[Note: In Part 1 of my previous post Apple And Microsoft In Talks… it was noted that while Apple does license from Microsoft a handful of basic fonts normally referred to as the “web safe” fonts, it does not license the newer ClearType fonts. And it would be of great benefit to web designers and the web browsing public if they did. In reaction to this, well-known typographer David Berlow of The Font Bureau posed a good question on Typophile.
His question is paraphrased here for clarity.]
David Berlow: How would Apple’s licensing of the Microsoft ClearType fonts help web designers?
Richard Fink: Right now, when you specify a font-family using CSS in a web page, you play a game of probabilities. The question being, how probable is it that a particular font-family exists on the user’s machine?
In fact, on another thread on Typophile named CSS Font Stacks Article, designer Frode Hellend has put together a very comprehensive table detailing these probabilities.
Today, web designers can comfortably rely on a handful of “Web Safe” fonts that approach 100% penetration on both Windows and Mac. They can specify these font-families with confidence, knowing that what they design will be pretty much what the user sees. These fonts also provide a safety net of “fallback” choices in lengthier “font stacks”. (There is much info on the web about this.)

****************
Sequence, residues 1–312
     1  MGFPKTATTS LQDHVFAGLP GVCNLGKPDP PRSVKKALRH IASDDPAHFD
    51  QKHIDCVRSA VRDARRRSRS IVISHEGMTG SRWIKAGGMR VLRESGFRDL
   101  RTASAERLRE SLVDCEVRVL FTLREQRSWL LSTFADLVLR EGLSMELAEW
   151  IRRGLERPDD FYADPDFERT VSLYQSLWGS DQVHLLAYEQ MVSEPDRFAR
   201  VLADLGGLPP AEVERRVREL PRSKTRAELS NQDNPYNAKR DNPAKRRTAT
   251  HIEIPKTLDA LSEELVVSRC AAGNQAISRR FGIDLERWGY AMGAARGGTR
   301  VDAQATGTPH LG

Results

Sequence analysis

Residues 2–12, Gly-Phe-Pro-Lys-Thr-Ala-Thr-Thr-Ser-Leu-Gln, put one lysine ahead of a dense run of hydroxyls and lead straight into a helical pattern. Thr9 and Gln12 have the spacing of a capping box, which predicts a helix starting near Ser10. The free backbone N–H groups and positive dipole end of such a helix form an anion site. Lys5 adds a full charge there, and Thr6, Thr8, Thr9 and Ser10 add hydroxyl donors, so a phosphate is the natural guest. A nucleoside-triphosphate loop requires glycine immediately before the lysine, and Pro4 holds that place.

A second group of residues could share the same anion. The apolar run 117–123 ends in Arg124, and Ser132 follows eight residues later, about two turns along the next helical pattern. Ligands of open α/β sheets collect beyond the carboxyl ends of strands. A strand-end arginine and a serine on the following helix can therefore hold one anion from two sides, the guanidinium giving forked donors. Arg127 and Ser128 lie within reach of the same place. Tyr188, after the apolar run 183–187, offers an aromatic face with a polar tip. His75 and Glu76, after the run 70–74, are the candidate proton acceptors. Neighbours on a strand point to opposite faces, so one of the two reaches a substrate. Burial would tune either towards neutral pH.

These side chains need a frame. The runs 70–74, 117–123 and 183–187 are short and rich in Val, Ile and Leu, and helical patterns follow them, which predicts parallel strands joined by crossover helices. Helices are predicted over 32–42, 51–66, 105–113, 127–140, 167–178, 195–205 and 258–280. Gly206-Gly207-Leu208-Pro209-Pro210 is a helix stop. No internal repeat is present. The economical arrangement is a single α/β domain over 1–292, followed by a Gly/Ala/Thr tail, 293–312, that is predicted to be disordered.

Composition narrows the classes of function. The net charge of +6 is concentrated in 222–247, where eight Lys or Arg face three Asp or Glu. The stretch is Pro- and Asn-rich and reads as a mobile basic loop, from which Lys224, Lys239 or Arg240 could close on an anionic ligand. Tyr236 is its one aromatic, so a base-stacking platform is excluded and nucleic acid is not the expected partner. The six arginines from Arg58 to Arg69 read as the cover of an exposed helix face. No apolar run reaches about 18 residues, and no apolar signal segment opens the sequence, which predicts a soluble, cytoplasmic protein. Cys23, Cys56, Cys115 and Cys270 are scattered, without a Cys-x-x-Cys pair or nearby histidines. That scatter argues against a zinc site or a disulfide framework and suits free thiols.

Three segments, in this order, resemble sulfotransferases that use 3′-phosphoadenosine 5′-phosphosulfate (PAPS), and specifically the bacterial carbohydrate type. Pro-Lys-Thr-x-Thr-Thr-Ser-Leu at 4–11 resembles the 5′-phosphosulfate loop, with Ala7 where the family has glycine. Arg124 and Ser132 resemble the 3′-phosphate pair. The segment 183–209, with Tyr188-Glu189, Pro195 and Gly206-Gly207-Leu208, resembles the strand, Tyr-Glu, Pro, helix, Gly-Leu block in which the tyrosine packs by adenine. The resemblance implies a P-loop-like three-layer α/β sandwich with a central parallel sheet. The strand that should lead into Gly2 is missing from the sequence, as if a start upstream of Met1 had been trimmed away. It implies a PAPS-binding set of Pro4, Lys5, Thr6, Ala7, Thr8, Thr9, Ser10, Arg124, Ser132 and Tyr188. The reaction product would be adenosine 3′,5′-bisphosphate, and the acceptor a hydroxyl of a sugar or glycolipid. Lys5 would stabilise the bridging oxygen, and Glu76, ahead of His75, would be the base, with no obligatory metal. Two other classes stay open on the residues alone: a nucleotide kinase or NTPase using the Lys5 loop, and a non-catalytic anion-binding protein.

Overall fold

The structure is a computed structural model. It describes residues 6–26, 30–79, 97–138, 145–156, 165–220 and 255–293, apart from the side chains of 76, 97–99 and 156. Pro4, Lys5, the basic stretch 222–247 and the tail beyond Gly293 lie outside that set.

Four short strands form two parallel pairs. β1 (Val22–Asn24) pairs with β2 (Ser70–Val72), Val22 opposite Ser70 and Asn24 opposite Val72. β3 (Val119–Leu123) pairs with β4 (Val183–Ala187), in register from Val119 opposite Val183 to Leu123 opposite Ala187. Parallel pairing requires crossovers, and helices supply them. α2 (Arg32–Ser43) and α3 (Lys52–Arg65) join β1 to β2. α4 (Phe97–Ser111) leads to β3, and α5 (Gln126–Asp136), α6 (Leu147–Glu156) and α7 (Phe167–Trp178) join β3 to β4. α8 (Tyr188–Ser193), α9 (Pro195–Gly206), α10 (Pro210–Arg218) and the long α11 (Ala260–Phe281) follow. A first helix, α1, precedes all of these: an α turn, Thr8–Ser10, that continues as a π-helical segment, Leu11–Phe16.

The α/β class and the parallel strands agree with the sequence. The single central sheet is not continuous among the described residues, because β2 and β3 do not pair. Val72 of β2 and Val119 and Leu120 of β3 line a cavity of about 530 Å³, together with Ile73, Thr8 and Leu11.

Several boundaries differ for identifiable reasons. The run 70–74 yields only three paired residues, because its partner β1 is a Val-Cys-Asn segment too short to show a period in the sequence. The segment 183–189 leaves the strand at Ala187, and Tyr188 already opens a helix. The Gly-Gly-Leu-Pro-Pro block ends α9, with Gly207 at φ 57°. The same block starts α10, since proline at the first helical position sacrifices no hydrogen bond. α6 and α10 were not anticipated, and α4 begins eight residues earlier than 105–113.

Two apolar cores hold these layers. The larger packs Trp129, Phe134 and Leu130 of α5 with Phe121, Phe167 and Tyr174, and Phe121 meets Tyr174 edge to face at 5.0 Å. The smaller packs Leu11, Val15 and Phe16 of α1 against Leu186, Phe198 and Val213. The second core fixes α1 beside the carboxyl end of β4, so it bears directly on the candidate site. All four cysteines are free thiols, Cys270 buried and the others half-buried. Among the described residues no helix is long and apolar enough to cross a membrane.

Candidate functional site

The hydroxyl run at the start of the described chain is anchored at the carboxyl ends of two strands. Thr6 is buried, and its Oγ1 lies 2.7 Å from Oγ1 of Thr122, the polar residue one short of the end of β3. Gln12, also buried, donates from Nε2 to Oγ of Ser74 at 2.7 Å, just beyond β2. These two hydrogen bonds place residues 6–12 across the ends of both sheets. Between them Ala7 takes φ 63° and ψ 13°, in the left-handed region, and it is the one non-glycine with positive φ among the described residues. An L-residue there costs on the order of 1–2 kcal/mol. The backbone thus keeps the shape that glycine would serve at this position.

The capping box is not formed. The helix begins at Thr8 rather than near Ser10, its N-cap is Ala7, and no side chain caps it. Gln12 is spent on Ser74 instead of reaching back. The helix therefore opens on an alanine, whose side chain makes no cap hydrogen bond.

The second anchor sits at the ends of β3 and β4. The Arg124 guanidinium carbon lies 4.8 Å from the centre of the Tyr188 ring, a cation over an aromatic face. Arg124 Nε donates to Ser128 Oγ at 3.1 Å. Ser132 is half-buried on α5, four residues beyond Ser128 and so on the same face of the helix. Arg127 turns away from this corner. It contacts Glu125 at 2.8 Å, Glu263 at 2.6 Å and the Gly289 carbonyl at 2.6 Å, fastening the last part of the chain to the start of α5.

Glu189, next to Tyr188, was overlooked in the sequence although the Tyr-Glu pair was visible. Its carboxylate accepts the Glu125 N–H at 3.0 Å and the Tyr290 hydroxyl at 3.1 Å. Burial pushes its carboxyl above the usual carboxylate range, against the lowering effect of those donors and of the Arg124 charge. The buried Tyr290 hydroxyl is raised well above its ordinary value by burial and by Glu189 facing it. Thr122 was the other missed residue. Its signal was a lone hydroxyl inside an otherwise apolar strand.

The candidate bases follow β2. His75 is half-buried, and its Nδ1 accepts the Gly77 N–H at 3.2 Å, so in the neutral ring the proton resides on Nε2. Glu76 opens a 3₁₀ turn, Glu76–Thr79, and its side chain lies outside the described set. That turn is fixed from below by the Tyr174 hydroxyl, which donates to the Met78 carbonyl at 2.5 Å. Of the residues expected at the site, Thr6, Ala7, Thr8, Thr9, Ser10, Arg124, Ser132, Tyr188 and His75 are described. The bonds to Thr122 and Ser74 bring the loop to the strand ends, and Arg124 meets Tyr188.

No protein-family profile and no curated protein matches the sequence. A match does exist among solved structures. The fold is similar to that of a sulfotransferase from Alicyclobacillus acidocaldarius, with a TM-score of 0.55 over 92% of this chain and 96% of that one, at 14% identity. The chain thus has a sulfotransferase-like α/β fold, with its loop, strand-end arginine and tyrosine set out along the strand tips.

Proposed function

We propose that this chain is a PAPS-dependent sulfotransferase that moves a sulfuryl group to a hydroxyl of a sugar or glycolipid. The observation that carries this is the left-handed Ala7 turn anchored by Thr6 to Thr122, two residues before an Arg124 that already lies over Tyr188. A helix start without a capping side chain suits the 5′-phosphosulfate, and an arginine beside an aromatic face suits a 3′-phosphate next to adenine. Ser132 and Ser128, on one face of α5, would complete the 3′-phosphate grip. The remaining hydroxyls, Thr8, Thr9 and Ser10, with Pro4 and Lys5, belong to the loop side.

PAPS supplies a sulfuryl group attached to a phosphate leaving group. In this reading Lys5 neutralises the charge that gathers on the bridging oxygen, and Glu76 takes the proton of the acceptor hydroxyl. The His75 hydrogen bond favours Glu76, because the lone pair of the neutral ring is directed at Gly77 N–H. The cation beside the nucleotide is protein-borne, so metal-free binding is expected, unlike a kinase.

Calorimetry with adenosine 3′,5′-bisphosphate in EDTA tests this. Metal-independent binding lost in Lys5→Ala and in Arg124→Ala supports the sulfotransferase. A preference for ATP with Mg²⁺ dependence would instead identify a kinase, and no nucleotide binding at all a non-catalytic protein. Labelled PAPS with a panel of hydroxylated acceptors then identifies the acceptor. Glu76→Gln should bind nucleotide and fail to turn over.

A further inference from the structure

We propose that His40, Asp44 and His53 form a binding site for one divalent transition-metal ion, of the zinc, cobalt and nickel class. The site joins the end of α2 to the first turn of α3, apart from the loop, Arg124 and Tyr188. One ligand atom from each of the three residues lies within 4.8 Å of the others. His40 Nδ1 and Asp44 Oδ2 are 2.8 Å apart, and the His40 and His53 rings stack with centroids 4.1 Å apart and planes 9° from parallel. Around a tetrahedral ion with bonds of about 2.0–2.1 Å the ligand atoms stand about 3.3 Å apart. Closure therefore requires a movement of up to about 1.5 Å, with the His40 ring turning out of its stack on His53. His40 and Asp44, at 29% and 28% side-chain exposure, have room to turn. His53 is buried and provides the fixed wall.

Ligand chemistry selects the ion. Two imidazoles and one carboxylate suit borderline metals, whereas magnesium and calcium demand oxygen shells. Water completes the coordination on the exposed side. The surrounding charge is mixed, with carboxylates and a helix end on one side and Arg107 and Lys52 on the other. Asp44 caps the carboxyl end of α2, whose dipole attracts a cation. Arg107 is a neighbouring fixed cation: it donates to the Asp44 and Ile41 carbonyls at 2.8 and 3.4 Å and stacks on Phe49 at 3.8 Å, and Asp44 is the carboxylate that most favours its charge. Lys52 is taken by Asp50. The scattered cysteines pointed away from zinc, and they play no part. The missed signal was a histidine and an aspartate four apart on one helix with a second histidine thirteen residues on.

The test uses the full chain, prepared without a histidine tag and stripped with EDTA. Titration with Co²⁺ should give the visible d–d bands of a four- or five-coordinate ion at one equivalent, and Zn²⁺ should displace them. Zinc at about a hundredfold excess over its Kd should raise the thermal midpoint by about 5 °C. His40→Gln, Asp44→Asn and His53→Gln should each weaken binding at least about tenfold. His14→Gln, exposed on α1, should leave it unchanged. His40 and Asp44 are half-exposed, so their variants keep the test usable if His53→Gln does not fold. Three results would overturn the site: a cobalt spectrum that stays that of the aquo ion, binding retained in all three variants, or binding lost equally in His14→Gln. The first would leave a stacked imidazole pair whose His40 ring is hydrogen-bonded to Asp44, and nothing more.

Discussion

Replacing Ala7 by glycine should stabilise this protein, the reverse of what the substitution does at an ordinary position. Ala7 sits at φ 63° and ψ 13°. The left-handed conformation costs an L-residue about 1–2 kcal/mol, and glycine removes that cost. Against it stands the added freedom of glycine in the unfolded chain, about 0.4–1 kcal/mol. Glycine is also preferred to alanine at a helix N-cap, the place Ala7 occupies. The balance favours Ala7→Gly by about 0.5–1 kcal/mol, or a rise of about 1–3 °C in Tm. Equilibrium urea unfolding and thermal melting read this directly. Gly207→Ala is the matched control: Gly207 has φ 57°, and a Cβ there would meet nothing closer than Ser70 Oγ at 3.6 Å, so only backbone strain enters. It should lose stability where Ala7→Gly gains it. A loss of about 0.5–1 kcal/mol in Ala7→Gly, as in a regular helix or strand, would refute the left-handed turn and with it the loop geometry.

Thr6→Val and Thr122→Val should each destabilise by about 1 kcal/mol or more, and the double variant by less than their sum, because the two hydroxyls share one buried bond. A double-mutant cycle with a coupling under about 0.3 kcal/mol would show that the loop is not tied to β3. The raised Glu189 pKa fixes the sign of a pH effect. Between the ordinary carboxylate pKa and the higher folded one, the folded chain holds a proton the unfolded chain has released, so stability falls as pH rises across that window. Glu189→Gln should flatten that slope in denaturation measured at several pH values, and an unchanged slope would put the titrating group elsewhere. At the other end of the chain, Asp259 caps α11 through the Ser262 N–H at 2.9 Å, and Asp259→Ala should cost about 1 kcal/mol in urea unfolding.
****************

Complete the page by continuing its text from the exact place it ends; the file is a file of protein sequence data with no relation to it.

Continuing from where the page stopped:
Apple licenses the “web safe” fonts from Microsoft because having a baseline like this seems to work out as a good thing for all concerned. Apple’s customers certainly benefit.
Licensing the ClearType fonts is just an extension of the idea. The CT fonts are excellent. They are present in the majority of Windows machines and will inevitably approach 100% propagation among Windows installations as older Windows XP installations without Office 2007, are abandoned. (It’s a game of attrition, like waiting for certain browser versions to disappear so you can begin to take advantage of newer features — a game that’s become among web designers, the professional pastime.)
With Apple on board, it wouldn’t be long before the ClearType fonts could be counted on by web designers with the same degree of confidence as fonts like Georgia or Tahoma. Result: A more readable web.
I’m not alone in this opinion. Joe Clark posted on the subject four years ago. Joe had it right on the money from the start. IMHO.
Is it that costly for Apple to give us this, I wonder?
Or is support for @font-face in Safari an attempted end-run around it, and EULA’s be damned?
Maybe Mac users will be able to download these fonts for a buck apiece soon, on iTunes.
Memo to Mac users: Demand The ClearType Fonts For The Mac OS!